The Mercedes driver pumps in some fastest laps and teases all watching by setting a purple final sector. His time is good enough for fourth best behind Yuki Tsunoda (RB) and Max Verstappen (Red Bull) with Leclerc being 0.433 ahead after running softs.

25 minutes to go here.

Long run analysis: Verstappen vs Alonso

Both Fernando Alonso (Aston Martin) and Max Verstappen headed to the track at a similar time on a similar tyre. Although precise fuel loads, engine modes and the extent the drivers are pushing is unknown, here is an analysis of their 13 laps.

Verstappen averaged a 1:37.253 across his 13 laps working out as 0.401 faster per lap, on average, across the comparison, suggesting the Red Bull has a comfortable buffer to Aston Martin – at least in the hands of the defending champion. Alonso averaged a 1:37.691.

Excluding Alonso’s two faster opening laps, the gap rises to half a second (0.537) which is consistent with what Williams predict the gap to Red Bull to be.

Here are the lap-by-lap differences from Alonso’s perspective:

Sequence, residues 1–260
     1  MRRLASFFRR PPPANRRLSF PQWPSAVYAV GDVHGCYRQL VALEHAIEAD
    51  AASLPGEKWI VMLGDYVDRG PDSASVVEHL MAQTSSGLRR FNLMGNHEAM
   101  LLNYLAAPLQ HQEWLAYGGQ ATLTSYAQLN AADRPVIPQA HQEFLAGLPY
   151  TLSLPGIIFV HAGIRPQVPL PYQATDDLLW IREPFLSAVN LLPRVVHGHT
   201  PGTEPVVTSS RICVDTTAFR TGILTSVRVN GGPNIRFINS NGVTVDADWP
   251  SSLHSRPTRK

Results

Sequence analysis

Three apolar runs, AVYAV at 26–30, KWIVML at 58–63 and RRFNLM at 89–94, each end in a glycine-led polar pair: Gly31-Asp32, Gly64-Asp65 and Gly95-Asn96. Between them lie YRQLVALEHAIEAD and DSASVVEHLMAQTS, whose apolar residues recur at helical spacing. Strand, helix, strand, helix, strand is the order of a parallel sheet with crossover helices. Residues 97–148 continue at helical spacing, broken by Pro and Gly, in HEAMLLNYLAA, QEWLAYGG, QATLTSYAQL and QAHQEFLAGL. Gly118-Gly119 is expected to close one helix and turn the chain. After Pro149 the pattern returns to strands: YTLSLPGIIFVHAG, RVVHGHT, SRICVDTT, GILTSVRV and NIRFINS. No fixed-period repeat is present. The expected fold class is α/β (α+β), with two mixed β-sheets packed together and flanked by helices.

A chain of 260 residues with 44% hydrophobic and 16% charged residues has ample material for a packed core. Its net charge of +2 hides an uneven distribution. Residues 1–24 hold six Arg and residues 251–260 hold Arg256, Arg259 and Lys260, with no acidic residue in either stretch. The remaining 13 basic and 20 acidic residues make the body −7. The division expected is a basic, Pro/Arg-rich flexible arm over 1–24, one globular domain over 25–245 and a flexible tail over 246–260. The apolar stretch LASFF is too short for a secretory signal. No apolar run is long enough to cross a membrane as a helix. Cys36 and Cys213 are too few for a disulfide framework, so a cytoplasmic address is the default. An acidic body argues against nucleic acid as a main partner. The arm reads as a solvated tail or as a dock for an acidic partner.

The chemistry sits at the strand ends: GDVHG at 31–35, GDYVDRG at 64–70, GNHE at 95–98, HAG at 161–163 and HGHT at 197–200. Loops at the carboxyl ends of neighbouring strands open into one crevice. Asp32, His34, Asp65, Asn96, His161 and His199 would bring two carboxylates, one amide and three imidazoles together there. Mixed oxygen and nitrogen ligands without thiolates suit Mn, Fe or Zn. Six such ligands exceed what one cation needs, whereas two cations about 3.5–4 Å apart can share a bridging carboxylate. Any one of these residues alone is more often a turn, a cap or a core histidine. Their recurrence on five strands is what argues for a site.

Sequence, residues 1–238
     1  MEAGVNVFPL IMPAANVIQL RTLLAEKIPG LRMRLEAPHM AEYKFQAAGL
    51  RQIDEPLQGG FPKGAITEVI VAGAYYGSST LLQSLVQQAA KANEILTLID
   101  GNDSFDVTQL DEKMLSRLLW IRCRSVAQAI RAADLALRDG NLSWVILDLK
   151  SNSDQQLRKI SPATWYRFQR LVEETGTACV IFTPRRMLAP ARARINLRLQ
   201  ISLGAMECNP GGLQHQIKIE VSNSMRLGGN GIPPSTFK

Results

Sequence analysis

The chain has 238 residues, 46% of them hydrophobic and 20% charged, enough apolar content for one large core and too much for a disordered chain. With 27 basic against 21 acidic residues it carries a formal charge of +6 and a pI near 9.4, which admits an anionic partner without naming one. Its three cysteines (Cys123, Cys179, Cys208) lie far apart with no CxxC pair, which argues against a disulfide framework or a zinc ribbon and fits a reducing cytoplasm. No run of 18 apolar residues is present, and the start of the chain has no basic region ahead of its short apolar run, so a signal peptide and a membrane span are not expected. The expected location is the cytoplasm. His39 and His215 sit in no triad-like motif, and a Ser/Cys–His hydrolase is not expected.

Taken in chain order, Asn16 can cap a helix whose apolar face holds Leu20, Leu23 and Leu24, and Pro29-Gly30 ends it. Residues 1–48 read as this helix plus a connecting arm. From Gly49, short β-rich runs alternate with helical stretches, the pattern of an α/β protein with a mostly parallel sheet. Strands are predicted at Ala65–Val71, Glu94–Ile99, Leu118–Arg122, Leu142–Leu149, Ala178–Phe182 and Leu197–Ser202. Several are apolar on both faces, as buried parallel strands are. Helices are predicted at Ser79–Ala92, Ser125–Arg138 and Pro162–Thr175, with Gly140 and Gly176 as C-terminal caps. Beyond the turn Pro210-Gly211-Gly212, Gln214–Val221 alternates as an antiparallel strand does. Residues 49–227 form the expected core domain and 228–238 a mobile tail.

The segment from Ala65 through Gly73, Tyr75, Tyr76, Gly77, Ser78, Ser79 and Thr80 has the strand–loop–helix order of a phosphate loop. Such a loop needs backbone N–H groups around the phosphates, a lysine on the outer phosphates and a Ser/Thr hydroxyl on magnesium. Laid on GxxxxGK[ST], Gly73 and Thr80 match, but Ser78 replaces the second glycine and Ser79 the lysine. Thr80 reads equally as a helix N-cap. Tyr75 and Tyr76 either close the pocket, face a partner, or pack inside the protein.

-0.142
-0.008
+0.600
+0.578
+0.462
+0.683
+0.562
+0.561
+0.715
+0.387
+0.527
+0.295

One hour to go!

We’re into the final hour of testing for 2024 now and it’s pitch black in Bahrain save for the track floodlights.

Verstappen trails Leclerc by 0.433 and has done for a long time too. Alonso is 4th and Russell is 8th.

A small victory for Mercedes

Coming down the main straight, Russell is right on the gearbox of Charles Leclerc and he pulls to the inside to overtake him into Turn 1 and he didn’t use DRS either…

But considering the gap he opened up afterwards, they were not running equal performances be that tyre, engine or fuel loads.

Verstappen out on hards with flow-vis

Red Bull clearly have something they want to test as the bright green paint covers the right hand side of his RB20. He’s also on hard tyres as he finds out what his engineers need.

This uncertainty for Red Bull could be something to keep an eye on…

Here’s how things stand with 1hr and 28 minutes to go

Leclerc leads Verstappen by almost 0.450 in an encouraging session for Ferrari so far!

Pos.DriverTeamTimeLaps
1LeclercFerrari1:30.32229
2VerstappenRed Bull+0.43333
3PiastriMcLaren+0.70846
4AlonsoAston Martin+0.83740
5SainzFerrari+0.92571
6PerezRed Bull+1.16153
7HulkenbergHaas+1.36457
8HamiltonMercedes+1.67749
9StrollAston Martin+1.71646
10NorrisMcLaren+1.78620
11RussellMercedes+1.84143
12AlbonWilliams+2.261102
13TsunodaRB+2.34034
14GaslyAlpine+2.57433
15MagnussenHaas+2.73180
16OconAlpine+2.75755
17BottasSauber+3.20628
18RicciardoRB+6.69370
19ZhouSauber+6.85757
20SargeantWilliamsNo TimeN/A

More wheel to wheel action πŸ‘€

This time it’s the Williams slipping past the Haas into turn one. Both RB and Williams have cruised past the American team now, is that a worrying sign of how their rivals have left them behind?…

Wheel to wheel action πŸ‘€